A good real-life example is an airline that was already an advanced user of revenue integrity to boost revenue optimization.

Personnel at the carrier closely analyzed when the revenue integrity robot was actually canceling the seats. They compared that information with the demand patterns in the booking curve, while also calculating statistical probability of reselling the returned seats. The positive results (approximately US$5 million a year) enabled the airline to change its fare rules so the seats found to be in violation of the fare rules were returned much earlier with a 40 percent probability of being resold, instead of the original zero percent probability, which missed the target market.

Such a sophisticated level of fine-tuning can help a carrier effect a “step” change in its bottom-line revenue integrity benefits and, perhaps even more importantly, lead to further improvement in load factors on flights that often (or even almost always) go full (for example, raising load factors from 99.1 percent to 99.8 percent).

In the area of discount allocation, revenue integrity robot programs can determine which fare rules actually apply in the various markets at any given time and ensure the revenue integrity robot programs are properly designed to enforce these specific fare rules, in line with the revenue management strategy.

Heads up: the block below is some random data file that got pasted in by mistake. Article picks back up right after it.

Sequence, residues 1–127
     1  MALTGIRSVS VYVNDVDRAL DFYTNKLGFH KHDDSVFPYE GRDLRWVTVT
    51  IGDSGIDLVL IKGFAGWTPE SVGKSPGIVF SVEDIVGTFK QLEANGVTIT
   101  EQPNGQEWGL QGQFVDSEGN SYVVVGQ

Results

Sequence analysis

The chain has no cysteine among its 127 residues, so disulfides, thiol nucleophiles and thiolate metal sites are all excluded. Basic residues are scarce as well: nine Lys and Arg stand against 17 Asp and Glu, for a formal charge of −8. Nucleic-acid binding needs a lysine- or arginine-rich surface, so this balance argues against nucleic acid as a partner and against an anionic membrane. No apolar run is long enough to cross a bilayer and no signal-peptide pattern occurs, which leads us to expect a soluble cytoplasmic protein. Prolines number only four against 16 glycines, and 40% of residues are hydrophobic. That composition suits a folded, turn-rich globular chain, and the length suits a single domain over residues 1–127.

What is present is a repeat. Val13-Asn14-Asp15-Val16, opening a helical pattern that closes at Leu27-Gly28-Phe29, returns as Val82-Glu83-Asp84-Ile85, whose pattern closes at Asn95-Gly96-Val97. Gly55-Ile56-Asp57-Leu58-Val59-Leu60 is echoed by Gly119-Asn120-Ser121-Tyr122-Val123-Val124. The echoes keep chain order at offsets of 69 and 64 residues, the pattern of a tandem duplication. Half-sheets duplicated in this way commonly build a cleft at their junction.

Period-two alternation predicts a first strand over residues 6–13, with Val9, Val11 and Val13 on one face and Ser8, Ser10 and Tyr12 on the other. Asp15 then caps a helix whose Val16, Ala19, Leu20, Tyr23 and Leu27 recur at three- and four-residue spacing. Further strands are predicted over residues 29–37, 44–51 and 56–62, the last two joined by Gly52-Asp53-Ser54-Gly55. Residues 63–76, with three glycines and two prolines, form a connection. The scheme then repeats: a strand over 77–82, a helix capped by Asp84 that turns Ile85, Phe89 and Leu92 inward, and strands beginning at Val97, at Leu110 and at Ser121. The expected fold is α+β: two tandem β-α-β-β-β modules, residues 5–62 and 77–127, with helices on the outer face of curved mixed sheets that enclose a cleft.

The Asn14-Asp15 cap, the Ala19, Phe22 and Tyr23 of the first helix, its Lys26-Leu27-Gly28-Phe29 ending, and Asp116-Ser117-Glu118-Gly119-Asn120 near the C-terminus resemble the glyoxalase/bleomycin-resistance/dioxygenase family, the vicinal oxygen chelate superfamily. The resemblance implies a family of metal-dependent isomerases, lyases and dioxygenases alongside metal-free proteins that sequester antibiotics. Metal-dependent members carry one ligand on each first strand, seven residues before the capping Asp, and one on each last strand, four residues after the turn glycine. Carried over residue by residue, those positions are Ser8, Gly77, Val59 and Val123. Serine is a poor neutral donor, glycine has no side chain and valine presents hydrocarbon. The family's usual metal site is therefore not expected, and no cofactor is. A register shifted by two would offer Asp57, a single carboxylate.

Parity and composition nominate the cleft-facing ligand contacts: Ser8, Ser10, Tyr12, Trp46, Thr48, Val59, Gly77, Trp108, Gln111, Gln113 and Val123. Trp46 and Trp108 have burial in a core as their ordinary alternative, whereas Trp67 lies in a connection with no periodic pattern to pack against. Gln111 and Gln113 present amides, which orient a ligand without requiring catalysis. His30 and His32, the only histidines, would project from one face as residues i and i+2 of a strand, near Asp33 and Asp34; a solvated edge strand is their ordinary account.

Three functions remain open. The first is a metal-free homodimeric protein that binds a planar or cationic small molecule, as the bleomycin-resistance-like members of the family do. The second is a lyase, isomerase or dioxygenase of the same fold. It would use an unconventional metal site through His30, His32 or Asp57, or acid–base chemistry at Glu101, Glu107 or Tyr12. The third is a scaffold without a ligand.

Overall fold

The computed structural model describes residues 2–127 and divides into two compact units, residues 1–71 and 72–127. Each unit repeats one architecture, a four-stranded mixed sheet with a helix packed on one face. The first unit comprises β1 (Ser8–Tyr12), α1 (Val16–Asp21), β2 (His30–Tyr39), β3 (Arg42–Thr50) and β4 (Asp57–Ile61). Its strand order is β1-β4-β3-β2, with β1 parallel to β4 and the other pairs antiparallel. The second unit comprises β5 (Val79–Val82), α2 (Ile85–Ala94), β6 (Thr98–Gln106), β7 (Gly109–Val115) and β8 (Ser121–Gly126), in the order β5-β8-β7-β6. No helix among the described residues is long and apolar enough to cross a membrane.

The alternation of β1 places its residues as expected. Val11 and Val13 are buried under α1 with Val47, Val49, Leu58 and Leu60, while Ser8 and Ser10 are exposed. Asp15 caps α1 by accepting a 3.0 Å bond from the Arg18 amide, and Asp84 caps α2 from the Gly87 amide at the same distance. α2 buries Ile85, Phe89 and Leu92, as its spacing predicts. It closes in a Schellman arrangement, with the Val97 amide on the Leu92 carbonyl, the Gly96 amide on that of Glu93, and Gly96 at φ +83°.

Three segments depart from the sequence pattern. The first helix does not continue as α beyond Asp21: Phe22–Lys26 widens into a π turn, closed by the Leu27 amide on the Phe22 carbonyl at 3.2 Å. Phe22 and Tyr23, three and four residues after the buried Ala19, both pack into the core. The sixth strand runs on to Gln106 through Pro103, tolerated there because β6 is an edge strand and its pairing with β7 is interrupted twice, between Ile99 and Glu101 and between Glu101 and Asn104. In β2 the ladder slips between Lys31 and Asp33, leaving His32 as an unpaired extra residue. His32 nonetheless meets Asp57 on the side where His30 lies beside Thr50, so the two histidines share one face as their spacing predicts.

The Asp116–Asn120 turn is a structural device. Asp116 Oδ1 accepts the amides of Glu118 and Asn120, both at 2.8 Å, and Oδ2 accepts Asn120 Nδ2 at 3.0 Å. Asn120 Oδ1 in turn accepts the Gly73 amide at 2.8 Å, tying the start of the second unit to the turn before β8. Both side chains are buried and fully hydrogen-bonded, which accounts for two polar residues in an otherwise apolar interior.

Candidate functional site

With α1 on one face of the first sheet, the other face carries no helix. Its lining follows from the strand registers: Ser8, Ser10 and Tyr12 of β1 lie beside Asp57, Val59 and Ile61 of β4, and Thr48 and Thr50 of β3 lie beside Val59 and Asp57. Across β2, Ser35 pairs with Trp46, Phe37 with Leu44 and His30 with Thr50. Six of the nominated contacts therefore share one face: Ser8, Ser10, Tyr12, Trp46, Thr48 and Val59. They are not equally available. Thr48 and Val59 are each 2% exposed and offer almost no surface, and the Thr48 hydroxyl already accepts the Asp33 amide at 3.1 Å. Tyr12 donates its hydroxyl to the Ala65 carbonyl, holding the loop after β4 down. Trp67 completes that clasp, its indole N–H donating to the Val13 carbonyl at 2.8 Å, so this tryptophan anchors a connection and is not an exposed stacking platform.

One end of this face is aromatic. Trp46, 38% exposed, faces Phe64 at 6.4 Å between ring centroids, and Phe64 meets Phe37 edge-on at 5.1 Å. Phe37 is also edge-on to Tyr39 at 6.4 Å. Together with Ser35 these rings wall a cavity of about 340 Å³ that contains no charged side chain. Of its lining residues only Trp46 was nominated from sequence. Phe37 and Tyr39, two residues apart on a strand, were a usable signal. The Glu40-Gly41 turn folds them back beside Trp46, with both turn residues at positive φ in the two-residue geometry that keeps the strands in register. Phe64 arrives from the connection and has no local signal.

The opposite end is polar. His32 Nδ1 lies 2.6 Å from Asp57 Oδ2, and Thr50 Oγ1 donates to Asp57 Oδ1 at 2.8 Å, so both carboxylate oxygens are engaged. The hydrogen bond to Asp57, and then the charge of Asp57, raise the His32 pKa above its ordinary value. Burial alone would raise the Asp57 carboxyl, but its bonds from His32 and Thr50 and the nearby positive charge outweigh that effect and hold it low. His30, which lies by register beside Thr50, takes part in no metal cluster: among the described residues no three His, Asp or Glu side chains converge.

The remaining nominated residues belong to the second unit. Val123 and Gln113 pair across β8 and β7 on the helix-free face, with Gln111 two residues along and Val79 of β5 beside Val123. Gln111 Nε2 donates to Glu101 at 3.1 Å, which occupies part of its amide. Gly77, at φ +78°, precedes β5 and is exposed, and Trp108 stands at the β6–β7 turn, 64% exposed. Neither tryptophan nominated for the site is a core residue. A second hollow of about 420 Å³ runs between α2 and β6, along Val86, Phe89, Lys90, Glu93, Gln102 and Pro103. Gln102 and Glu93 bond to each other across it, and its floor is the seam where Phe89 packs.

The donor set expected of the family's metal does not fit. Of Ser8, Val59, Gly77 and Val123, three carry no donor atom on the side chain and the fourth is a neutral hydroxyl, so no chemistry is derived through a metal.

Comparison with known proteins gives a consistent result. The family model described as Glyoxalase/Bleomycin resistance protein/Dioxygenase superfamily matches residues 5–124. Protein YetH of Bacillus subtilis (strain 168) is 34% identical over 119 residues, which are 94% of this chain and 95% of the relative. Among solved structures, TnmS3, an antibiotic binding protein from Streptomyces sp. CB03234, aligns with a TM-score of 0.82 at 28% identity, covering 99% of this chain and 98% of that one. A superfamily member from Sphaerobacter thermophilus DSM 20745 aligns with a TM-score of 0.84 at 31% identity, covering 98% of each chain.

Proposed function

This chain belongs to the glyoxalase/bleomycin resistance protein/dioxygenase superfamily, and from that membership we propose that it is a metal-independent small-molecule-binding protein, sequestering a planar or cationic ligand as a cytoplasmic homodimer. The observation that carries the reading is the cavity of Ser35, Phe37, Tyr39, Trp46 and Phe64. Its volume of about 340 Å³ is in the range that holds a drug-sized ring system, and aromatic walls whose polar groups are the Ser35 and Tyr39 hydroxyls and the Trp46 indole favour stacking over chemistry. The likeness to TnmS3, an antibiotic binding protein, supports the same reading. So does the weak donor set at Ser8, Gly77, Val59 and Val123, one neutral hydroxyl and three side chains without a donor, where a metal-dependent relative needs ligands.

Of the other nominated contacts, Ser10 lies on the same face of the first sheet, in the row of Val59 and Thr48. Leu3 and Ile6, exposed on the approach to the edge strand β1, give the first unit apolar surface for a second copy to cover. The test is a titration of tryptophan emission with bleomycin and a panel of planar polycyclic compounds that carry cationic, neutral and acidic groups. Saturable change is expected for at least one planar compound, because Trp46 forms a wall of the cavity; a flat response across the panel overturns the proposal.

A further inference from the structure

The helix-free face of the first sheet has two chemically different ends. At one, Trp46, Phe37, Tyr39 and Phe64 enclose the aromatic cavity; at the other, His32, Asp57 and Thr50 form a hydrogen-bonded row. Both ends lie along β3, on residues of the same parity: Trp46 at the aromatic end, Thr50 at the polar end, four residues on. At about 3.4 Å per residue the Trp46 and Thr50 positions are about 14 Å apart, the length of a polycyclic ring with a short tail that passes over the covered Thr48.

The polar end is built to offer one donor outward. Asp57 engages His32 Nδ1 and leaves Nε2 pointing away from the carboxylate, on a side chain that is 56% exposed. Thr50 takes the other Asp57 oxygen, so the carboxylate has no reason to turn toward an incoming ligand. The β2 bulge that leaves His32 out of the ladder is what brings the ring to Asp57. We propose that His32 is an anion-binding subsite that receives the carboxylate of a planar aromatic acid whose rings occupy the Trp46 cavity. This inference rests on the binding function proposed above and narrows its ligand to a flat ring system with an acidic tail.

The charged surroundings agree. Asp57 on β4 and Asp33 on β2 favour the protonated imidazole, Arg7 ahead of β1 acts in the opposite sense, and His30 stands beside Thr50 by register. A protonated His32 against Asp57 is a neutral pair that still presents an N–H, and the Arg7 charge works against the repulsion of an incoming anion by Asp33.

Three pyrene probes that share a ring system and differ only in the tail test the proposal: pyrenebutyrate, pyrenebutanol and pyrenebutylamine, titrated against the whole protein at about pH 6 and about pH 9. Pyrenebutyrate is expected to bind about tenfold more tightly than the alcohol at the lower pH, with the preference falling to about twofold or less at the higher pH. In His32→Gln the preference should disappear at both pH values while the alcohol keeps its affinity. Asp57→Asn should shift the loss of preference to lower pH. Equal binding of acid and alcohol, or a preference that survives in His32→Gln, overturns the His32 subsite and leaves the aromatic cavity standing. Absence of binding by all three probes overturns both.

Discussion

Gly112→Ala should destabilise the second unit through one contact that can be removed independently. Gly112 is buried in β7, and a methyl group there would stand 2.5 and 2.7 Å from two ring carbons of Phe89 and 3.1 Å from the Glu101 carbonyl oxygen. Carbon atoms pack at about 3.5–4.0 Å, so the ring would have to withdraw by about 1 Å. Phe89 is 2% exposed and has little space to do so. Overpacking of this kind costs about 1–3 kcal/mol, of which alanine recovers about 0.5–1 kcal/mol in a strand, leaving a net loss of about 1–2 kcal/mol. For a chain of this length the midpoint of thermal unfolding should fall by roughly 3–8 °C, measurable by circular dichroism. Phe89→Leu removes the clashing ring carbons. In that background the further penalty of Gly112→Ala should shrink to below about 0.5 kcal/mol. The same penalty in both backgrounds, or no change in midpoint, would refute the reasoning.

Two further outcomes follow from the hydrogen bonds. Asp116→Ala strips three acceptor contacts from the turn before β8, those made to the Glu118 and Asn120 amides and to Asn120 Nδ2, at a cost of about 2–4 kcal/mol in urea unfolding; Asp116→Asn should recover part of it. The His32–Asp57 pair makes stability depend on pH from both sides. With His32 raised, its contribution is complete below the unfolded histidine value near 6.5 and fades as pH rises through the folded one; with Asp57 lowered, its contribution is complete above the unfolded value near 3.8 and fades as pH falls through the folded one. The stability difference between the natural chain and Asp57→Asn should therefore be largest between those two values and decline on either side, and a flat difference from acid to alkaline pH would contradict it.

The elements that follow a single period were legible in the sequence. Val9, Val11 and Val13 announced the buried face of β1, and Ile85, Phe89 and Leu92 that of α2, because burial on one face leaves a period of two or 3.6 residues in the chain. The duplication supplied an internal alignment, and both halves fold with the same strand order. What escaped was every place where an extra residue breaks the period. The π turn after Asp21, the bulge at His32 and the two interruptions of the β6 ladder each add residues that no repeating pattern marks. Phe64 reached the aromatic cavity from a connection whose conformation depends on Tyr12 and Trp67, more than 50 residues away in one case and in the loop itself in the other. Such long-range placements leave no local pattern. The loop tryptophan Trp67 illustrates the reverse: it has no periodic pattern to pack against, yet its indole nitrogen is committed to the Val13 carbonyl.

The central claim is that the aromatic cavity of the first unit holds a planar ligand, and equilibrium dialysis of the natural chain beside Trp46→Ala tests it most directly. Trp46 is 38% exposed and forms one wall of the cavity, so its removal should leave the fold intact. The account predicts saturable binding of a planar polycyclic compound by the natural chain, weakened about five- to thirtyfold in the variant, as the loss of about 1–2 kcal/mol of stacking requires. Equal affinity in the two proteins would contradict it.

Once again, accuracy — in addition to the timing of returned seats to inventory — can contribute quite powerfully to revenue optimization.

Ensuring the highest levels of synchronization or harmony is an excellent way to boost a carrier’s revenue optimization, even if its performance is already strong.

Revenue management evaluations require accurate demand forecasts, as well as reliable yield forecasts (based on expected prices minus cost-of-sale expenses).

The accuracy of these forecasts — and the coordination between revenue management and revenue integrity — contribute significantly to revenue optimization.

The racecar analogy remains appropriate, because the harmony between revenue management and revenue integrity, first at the strategic level, then at the tactical and, finally, at the transactional level, is critical for maximizing the revenue optimization strategy.

Just as a racecar can underperform if it is not tuned and balanced correctly, an airline’s revenue optimization strategy may underperform if the harmony between revenue management and revenue integrity is not created and nurtured.